April 15, 2009
The great British broadcaster Sir David Attenborough has become the latest in a long line of illustrious people to say we need to cut population growth sharply or face a grim future. Is he right?
Attenborough, in supporting Britain's Optimum Population Trust -- a group that advocates reducing human numbers -- has put himself on the wrong side of one of the great questions of our time, says Investor's Business Daily (IBD).
- Today's world population is about 6.8 billion, give or take a hundred million or so.
- By 2050, most estimates show the population will be about 9 billion -- roughly a 35 percent or so increase.
- That's the equivalent, population-wise, of adding seven new countries the size of the United States to the world population.
When you say it that way, it does sound dramatic and, as Attenborough put it, "frightening." The problem is, numbers lie. Past estimates of population growth have virtually always overestimated world fertility rates, and underestimated social trends that led to fewer babies. This time will be no different, says IBD:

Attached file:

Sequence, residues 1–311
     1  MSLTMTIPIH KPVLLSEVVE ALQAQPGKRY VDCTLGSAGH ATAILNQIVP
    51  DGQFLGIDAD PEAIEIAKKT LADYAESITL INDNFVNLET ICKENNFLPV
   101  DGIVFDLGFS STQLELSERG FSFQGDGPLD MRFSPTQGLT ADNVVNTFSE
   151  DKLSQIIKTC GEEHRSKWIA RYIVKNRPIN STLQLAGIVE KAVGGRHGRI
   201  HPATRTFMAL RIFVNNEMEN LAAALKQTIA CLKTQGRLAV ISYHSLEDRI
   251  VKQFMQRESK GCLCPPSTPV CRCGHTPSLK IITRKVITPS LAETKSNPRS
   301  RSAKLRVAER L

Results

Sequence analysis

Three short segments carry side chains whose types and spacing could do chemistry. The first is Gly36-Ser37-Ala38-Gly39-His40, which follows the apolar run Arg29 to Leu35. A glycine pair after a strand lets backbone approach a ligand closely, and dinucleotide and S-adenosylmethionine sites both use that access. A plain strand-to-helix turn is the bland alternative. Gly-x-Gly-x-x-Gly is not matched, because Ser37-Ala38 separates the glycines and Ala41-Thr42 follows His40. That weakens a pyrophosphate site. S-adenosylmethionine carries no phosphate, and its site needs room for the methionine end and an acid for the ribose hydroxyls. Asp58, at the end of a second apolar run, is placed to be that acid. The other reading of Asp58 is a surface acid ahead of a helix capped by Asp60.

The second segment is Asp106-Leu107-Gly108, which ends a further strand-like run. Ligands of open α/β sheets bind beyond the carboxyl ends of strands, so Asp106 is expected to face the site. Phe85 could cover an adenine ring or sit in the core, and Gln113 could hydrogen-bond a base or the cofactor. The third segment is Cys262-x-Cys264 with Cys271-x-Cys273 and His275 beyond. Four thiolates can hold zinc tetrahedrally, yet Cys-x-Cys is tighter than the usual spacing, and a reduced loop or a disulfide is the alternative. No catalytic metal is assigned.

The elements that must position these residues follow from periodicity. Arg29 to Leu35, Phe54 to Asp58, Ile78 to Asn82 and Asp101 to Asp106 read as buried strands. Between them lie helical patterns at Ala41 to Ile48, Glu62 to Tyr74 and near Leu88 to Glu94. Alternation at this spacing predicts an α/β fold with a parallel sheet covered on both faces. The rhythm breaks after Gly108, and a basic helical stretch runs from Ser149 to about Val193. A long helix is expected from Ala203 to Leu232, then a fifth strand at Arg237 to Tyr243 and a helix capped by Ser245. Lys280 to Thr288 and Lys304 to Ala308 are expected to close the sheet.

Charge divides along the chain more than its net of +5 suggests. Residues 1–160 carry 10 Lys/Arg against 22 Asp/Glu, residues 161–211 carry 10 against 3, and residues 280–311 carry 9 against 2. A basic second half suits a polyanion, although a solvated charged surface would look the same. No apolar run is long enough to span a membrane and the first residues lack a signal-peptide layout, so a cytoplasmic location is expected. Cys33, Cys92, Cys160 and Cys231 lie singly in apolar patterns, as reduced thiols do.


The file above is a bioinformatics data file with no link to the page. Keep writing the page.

- If fertility rates decline just a little more than predicted (and the decline in fertility rates over the past four decades has been faster than almost any estimate out there), the population actually begins to shrink in 2040.
- By 2050, at the low end of fertility expectations, U.N. forecasts show just 7.96 billion people in 2050.
- And by the end of the century, the population will actually drop below its current levels.
Pushing for population decline is a fool's errand. Our biggest problem in the next 100 years won't be too many people; it will be figuring out how a shrinking base of younger workers will be able to pay for our fast-expanding population of elderly retirees.
To do this, we'll need to have more babies, not fewer. Attenborough is wrong, but then so are all those who want to shrink humanity, says IBD.
Source: Editorial, "Population Alarmists," Investor's Business Daily, April 14, 2009.
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